Littlefield Fund for Southern History

The Littlefield Fund for Southern History was endowed to provide resources "for the full and impartial study of the South and its part in American History". To this end the Fund since 1914 has been used to purchase primary and secondary materials on a comprehensive, and in some areas exhaustive, level. Although American history has been the primary collecting field, many other disciplines have benefited from the Fund; these include agriculture, American literature, anthropology, architecture, art, business, economics, education, ethnic studies, geography, music, religion, sociology, and the sciences. Any aspect of the life, culture, and history of the southern United States is within the collection scope of the fund.

Mainstream titles on Southern history are acquired through our purchase and selection plans, allowing Littlefield funds to be used for specialized titles, works published by regional and state historical societies, regional and state archives, regional museums, private presses, and similar publishers with limited distribution.  Primary sources such as newspapers, serials, personal papers, and ephemera may be acquired in the original, digital or microformats.

English is the primary language of the collection. Works in other languages are collected when relevant.

Chronological coverage ranges from the founding of the United States to the present day.  The main emphasis of purchases is the Colonial period through Reconstruction (1600-1900).  Works focusing on more recent eras are considered as content warrants, especially if they are primary sources or have significant reference value.  Titles on the Civil Rights movement in the South, for instance, provide an intellectual continuum to the Civil War and Reconstruction holdings.

Geographical coverage includes Alabama, Arkansas, Florida, Georgia, Kentucky, Louisiana, Mississippi, North Carolina, South Carolina, Tennessee, Texas, Virginia, and West Virginia, are the states usually included in a definition of the region. For some purposes, the border states of Kansas, Missouri, Oklahoma, and Maryland are added. For the topics of slavery, anti-slavery, the Civil War, and reconstruction, there are no geographical constraints. For example, a regimental history of a Pennsylvania company that fought for the Union is considered a legitimate Littlefield purchase. Since the slave trade and the anti-slavery movement were worldwide in scope, materials are also collected to document them, regardless of geographic area.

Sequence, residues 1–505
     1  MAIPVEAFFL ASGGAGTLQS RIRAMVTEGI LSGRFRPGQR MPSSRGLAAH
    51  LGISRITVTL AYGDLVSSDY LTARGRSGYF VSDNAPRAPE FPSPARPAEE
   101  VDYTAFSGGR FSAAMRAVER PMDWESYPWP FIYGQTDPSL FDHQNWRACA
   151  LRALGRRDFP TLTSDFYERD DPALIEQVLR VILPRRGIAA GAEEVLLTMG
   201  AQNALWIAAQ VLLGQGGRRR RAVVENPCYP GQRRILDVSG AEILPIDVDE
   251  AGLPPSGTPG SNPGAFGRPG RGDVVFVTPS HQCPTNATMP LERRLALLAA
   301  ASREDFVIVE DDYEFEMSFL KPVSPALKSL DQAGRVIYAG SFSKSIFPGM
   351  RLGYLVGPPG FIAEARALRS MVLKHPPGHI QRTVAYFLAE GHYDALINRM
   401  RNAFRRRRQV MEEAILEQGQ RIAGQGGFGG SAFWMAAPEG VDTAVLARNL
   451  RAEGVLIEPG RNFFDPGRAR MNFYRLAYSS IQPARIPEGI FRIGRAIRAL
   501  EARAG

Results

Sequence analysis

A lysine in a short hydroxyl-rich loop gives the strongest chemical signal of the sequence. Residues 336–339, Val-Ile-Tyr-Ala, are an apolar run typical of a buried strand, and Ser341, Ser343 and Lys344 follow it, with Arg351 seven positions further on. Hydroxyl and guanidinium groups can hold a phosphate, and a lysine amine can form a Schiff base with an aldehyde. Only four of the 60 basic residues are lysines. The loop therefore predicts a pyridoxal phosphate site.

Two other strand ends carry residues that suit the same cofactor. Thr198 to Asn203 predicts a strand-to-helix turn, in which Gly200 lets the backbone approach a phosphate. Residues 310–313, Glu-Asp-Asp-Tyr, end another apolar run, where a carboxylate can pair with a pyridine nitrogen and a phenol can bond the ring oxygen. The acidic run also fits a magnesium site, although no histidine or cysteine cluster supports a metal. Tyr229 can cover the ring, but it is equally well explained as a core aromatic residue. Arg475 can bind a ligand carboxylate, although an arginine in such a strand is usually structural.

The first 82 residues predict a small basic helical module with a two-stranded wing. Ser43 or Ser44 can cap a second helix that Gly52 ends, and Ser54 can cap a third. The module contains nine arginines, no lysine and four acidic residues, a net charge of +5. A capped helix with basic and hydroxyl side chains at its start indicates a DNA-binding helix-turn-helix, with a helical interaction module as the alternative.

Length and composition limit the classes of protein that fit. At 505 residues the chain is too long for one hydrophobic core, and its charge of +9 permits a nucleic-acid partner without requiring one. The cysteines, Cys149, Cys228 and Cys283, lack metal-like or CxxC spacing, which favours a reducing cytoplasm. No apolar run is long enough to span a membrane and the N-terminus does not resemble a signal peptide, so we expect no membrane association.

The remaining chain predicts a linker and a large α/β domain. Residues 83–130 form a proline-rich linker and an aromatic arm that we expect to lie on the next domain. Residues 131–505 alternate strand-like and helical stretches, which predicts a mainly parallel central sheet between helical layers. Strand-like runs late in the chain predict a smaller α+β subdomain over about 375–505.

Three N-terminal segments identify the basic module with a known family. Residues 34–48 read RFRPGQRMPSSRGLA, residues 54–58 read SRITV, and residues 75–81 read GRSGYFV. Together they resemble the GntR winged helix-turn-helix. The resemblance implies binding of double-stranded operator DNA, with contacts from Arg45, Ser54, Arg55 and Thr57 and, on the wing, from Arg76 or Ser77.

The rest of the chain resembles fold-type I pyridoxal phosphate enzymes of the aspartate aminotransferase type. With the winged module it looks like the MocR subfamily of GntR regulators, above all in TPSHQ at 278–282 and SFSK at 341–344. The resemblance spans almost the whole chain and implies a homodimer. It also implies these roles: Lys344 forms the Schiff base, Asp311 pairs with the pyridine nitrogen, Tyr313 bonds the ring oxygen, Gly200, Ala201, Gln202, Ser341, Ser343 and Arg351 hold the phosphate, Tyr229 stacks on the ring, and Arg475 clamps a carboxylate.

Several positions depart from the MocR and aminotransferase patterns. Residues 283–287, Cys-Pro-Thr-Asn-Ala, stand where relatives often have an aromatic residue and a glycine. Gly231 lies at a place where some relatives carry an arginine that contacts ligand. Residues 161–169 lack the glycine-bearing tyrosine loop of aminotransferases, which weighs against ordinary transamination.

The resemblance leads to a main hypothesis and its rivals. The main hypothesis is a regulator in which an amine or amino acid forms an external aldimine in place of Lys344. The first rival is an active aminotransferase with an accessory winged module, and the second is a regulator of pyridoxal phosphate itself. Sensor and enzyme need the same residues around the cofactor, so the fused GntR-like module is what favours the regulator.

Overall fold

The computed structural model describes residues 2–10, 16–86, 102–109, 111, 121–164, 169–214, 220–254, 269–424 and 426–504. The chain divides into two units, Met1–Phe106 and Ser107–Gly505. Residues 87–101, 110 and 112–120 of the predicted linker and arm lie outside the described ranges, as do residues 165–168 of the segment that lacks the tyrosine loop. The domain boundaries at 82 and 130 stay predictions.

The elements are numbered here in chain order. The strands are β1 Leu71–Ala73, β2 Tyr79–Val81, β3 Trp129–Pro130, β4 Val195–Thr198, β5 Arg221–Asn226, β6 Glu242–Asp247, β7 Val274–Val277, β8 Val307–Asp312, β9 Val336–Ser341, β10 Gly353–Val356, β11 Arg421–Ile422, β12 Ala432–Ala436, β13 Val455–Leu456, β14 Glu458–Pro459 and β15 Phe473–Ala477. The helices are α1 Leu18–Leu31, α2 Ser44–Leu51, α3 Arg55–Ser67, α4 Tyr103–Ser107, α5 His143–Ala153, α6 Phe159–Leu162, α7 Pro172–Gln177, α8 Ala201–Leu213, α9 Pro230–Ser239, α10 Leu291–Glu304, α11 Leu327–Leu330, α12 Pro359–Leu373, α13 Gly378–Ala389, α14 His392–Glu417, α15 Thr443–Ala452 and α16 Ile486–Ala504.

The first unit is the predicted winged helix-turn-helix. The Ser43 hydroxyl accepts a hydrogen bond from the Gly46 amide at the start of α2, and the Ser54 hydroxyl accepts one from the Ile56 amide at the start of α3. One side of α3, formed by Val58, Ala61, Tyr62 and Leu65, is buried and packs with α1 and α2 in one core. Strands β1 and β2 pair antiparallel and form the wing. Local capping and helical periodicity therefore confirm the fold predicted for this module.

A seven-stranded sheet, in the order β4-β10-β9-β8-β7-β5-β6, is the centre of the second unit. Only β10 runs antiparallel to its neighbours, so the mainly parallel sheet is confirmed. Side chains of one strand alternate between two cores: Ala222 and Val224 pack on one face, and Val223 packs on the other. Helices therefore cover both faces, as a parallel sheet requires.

Any treatment, including juvenilia and textbooks, will be collected. Some treatments ordinarily excluded from related statements will be collected. These include genealogy, local histories, non-UT dissertations, non-Texas documents, local census material, cemetery rolls, and county records.

Ebooks are acquired both to supplement the print collections and when it is the only format available for purchase.  Databases of primary source materials, including newspapers, books, photographs, government publications and data are acquired by purchase to support the core collection.  Original digitization of historical materials such as newspapers may also be funded.

Virtually all types of hard copy materials are collected including pamphlets, manuscripts and archives, newspapers, maps and atlases, government documents, broadsides, photographs, drawings, prints, posters, postcards, other works of art.  Out of print volumes are purchase occasionally.  Audiovisual materials collected include video and audio recordings, microforms, films, digitized photographs and typescripts.

Both current and retrospective works are collected. In some instances a reprint will be acquired as a reading copy even when the original edition is in the collection.

The primary locations are the Perry-Castañeda Library for most books, serials and microforms, and the Center for American History for rare books and maps, serials, newspapers and ephemera.  There is duplication between the Perry-Castañeda Library and the Dolph Briscoe Center for American History for recent materials to allow for both circulating and archival copies of major works, particularly those relating to Texas.  Because the Littlefield Collection is not a separate entity, materials purchased on the Fund might be in any library location.  Ebooks and other materials in electronic formats are available through the Library’s web site and in some cases in the University of Texas Digital Repository.

Littlefield funds should generally be used for one-time purchases.  Subscriptions should not be placed on the Littlefield Fund.  Unique titles or collections requiring a commitment over several years must be approved by the Vice-Provost and Director of the University of Texas Libraries.

Contact Shiela Winchester, Librarian

Related collections

African and African American Studies
Architecture and Planning
Art and Art History
English Literature
Latin American Studies
Religious Studies